He’s on the mend, comfortable again, and will be ready for adoption

very soon. Alexander and Tails High would greatly appreciate any and all donations to help with the $1,400 bill for this much needed surgery and related care.


Originally we heard that this pretty girl had some old injuries and that she and her kitten simply needed a new home and to leave a local shelter as soon as possible. Then we received word that x-rays had been taken that showed her pelvis to be broken in 3 locations – and this was a new injury! They suspected she had been hit by a car. Tails High decided to take Abigail in as one of ours, provide her the necessary treatment, help her to heal and then find both her and her baby, Fletcher, good, loving new homes.


Thankfully, Abigail seems to be healing very well without the extensive surgery we were afraid she’d need to repair her broken pelvis! We’ve had her on “bed rest” in one room at her foster home for about six weeks and slowly she began showing interest in climbing up on cat-desirable furniture and then she started to play! We saw her exhibiting typical cat behaviors like stretching her front and then rear legs, choosing to lay higher up, off the ground, and playing with mouse toys. Abigail runs to the door to greet every person who walks in! She walks right next to you rubbing herself on your legs until you sit

down and then she hangs out loving all the petting she can get.

Through all of this ordeal she has been a wonderful and nurturing mother to Fletcher. A few weekends ago, Fletcher was adopted and now Abigail is alone and looking for a place where she can finish healing and get lots of love and attention at the same time. We think Abigail would be best in a home without children and somewhere with a calm atmosphere so that she can play and run at her own pace.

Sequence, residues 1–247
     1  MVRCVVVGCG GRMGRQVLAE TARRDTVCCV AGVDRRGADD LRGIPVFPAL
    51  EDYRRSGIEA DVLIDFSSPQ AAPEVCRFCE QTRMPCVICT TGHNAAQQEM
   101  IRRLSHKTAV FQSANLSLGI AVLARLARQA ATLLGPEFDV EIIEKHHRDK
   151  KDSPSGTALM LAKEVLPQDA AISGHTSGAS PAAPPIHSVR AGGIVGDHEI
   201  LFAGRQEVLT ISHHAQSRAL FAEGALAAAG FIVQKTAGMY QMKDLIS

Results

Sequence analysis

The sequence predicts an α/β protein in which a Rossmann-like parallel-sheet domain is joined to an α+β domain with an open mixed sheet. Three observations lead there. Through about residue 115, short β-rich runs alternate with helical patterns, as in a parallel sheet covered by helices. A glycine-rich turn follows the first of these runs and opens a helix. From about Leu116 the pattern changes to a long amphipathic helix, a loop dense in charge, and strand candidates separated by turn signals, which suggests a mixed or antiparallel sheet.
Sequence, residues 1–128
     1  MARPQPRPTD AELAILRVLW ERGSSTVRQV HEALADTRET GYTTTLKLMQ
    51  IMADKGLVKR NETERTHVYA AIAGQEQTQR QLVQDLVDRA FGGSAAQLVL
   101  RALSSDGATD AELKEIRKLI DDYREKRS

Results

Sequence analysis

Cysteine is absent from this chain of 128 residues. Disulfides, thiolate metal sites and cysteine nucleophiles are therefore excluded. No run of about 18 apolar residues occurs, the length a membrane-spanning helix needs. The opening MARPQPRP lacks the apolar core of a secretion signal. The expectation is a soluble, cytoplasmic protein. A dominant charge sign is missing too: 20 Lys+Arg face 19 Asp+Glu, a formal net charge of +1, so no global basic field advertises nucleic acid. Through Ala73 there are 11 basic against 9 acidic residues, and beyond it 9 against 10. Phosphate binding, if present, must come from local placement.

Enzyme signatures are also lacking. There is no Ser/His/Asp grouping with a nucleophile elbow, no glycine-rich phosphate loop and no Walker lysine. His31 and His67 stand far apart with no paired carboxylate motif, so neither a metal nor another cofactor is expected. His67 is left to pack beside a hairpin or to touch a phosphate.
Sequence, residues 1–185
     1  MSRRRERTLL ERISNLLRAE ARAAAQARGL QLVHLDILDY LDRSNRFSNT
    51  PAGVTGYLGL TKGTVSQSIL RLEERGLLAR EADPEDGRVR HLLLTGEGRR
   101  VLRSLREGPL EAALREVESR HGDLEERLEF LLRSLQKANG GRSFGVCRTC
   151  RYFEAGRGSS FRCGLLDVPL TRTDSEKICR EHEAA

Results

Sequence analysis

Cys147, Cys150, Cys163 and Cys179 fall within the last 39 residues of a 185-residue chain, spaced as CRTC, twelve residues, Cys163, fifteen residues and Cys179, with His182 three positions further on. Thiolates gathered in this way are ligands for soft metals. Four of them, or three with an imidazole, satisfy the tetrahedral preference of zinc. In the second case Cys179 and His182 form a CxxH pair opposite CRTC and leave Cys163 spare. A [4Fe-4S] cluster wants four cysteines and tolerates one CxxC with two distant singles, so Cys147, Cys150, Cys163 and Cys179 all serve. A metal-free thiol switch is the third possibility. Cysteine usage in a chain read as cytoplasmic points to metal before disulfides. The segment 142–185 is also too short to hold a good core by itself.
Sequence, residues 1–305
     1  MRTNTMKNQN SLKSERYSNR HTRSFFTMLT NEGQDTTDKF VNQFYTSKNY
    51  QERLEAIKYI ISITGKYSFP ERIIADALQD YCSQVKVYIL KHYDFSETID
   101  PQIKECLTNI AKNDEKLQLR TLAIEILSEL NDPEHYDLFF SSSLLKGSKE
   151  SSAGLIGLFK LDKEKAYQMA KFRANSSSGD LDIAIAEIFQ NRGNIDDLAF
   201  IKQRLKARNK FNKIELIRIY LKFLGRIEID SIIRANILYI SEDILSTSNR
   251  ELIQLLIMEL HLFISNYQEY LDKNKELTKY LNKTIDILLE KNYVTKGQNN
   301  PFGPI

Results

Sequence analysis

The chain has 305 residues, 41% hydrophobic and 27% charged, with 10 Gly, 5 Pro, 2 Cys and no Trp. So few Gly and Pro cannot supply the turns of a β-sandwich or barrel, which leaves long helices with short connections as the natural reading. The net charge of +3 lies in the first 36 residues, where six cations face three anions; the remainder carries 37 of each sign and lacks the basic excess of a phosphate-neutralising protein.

Abigail is doing so well,  we expect her to be at the Annandale Petco adoption event on Saturday!  If you would like to help by fostering Abigail for a couple weeks or maybe even adopting her, please email us.

Tails High Needs Your Help
We are celebrating our 4th successful year at Tails High and we couldn’t have done it without our volunteers. If you are interested in taking on a role within the organization, here are some areas where we would LOVE your assistance.
  • Fostering – Often our biggest need is for families willing to foster kitties while they wait for their new homes. The number of foster homes we have helps determine the number of cats we can rescue. Please fill out this form to let us know you are able to open your heart and home to one or more cats or kittens. As we mentioned above, in this newsletter, we also need temporary fosters who can help out over the holiday season.
  • Feeders – We always need extra help covering the shifts for feeders who can help care for our cats at the Annandale Petco store.  You can sign up for once a week or once a month either in the morning or the evening to refresh the kitties’ food, water, and litter and tidy up the cages. Send an email to Ronnie for more information about joining the feeder team.
  • Adoption Events – Most of our cats and kittens are adopted during theadoption events. We’re happy to train anyone willing to lend a hand on how to staff an event. You’ll be greeting adopters, explaining the process, and best of all – playing with kitties! Take a look at our Adoption Event Calendar and email us if you’d like to help out at one of the events.
  • Gizmo Team – We are looking for volunteers to help set up and take down the Gizmo at our Annandale Petco adoption events. Please see our notice above for more information.
  • Donate – If you don’t have a lot of time to spare, you can always help by donating.
  • Monetary donations of any size will be graciously accepted and put to good use! You can make a donation online via Paypal through our site, through your Combined Federal Campaign selection, or by mail to Tails High, Inc. 708 Timber Branch Drive – Alexandria, VA 22302.
  • In addition to medical, food and litter are usually our biggest expenses. We’ll expand on this in the next newsletter. Stay tuned if you want to help!

  • Ask the Kitties

    Q. Do I really need to trim my cat’s nails?